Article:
The Iraq war

Submitted by Janet on 30 April, 2003 - 10:49

Editorial, Workers' Liberty 30, April 2003

Regime change? We say it's not Bush's job but - are workers in the Middle East ready to build an alternative?

If any regime deserved to have war waged against it, it was Saddam Hussein's. Nevertheless, war by the United States and whatever allies it can pull behind it will not advance the cause of democracy and freedom in Iraq. It did not in 1991, and there is no reason to believe it will now. Last time we were quite lucky, in terms of the spread of the war, the involvement of Israel and so on. It seems possible that Ariel Sharon in Israel will use war this time as a cover to carry out the mass deportation of Palestinians they euphemistically call "transfer". In the aftermath of the war in Afghanistan, the whole region is more unstable than it was in 1990/91: Islamists did well in the Pakistan election, and moderate Islamists won the elections in Turkey. Against signs of renewed opposition in Iran, with student protests, there has been repression. Who knows what war on Iraq will detonate?

Faced with the prospect of war, many on the left seem tempted to say stupid things about Iraq, as though wilful soft-soaping were the only answer to militarism. Whether or not Saddam had a nuclear capacity, he has proven in the past - against Iranians, and against the Kurdish people - his capacity and willingness to use chemical weapons. These may not be "weapons of mass destruction" as precisely defined by George W Bush, but the suggestion that Saddam had no capacity to do evil, and that his refusal to let outside observers check is merely protectiveness of Iraqi sovereignty, is naïve to say the least.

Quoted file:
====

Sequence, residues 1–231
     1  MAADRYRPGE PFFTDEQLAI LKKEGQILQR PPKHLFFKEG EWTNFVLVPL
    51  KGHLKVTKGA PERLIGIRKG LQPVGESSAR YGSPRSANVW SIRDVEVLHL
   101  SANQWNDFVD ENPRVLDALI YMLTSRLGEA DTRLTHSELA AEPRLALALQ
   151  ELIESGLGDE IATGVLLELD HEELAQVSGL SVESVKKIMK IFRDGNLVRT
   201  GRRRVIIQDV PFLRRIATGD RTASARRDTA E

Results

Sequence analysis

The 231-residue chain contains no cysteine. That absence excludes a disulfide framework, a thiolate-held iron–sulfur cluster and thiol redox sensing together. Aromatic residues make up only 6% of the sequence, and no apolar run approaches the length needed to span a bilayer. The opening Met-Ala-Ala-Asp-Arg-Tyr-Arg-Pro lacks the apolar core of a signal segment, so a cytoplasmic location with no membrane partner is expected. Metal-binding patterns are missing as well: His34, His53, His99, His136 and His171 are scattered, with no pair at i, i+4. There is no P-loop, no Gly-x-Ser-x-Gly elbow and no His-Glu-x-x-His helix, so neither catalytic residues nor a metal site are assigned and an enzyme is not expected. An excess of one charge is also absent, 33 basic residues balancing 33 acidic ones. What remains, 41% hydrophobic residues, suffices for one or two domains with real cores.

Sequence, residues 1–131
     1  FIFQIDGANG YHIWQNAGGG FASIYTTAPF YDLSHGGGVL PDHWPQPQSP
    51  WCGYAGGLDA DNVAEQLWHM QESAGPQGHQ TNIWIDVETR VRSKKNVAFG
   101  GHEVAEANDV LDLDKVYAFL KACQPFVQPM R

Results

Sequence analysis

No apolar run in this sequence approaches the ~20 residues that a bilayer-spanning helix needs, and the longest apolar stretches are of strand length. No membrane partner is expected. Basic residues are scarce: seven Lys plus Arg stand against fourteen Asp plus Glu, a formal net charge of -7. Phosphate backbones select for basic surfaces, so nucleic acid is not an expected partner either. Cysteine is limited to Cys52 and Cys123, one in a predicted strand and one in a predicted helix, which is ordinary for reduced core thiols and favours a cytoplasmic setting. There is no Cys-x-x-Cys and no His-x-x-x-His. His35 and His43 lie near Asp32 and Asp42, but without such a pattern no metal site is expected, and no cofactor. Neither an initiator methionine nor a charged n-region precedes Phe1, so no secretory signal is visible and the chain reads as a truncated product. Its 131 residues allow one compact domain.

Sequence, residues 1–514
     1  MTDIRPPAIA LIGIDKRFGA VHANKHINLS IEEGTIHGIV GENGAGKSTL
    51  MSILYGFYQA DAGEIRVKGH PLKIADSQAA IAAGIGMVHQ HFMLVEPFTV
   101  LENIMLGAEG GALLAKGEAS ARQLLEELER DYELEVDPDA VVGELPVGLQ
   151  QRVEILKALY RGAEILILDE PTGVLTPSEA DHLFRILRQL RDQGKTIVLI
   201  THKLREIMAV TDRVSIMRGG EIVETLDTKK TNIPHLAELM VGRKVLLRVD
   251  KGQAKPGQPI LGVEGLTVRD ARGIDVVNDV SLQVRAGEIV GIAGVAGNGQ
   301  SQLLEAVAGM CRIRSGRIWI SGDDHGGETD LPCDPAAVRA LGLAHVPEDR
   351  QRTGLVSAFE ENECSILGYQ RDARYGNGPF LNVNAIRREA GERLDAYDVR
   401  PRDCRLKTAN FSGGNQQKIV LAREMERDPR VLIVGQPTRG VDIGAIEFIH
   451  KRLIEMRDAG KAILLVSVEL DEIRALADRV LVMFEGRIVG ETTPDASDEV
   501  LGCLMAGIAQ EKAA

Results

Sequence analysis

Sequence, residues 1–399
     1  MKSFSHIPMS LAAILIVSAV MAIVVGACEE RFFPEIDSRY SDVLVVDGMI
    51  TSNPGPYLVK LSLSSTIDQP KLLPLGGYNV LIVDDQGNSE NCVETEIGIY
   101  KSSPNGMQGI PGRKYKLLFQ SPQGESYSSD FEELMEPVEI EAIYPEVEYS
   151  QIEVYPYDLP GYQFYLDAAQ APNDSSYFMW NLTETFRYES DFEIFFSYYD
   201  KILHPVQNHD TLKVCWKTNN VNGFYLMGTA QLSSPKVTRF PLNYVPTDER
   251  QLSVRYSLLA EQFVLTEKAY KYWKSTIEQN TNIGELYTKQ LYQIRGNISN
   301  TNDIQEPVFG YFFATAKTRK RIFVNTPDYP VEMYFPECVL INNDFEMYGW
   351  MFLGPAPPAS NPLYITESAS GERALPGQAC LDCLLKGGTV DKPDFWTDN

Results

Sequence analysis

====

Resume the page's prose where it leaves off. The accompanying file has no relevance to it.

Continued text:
Western sanctions have proved disastrous, and have signally failed to remove Saddam from power. But the regime was not an innocent victim of "imperialist" oppression (and there are those within it who have made fortunes playing the system).

The Ba'ath's "anti-Zionism" is not something to applaud either. War by Iraq on Israel would be a catastrophe in terms of regional, if not world, peace. It would also be an act of chauvinistic, demagogic aggression at best, of genocidal madness at worst. (And for those not persuaded that Israeli civilians don't deserve to be suffocated by poison gas, consider that the weapons don't distinguish between Jews and Arabs.) Like other Arab nationalist regimes, and more so than most, the Ba'ath had used the enemy "over there" in Jerusalem as a demagogic diversion from internal issues. Then, when it counted, it failed the Palestinians utterly.

Soft apologetics for the Ba'ath are, indeed, reminiscent of the attitudes, historically, of Iraqi Stalinism, hoodwinked by the regime's rhetoric and nationalisation measures into seeing it as "anti-imperialist" (and, in their case, embarking on a "non-capitalist road to development").

There must be only so many disasters Saddam Hussein could preside over and survive. If the Iraqi opposition was stronger - meaning politically as well as organisationally, or numerically, stronger - his survival would have already have seriously been in question. That it is not is above all the responsibility of the ICP; but the curiosities of Iraqi politics run deeper than merely a particularly large and particularly bankrupt communist party. Why is it that alternatives to mainstream Stalinism have also been so rare in Iraq? A breakaway in the mid 1960s was more or less Maoist, not untypical of splits in the Stalinist movement. More radical alternatives have been non-existent. Across the border in Iran, this was not so. Whatever their undoubted deficiencies, the Iranian Left produced, in the 1970s, a host of organisations outside the orbit of mainstream Stalinism, or for that matter of Maoism. The Fedayin, the Mujaheddin and others, in their different ways, reflected a much richer political culture. There were Trotskyists in Iran - not a mass force, but a presence at least.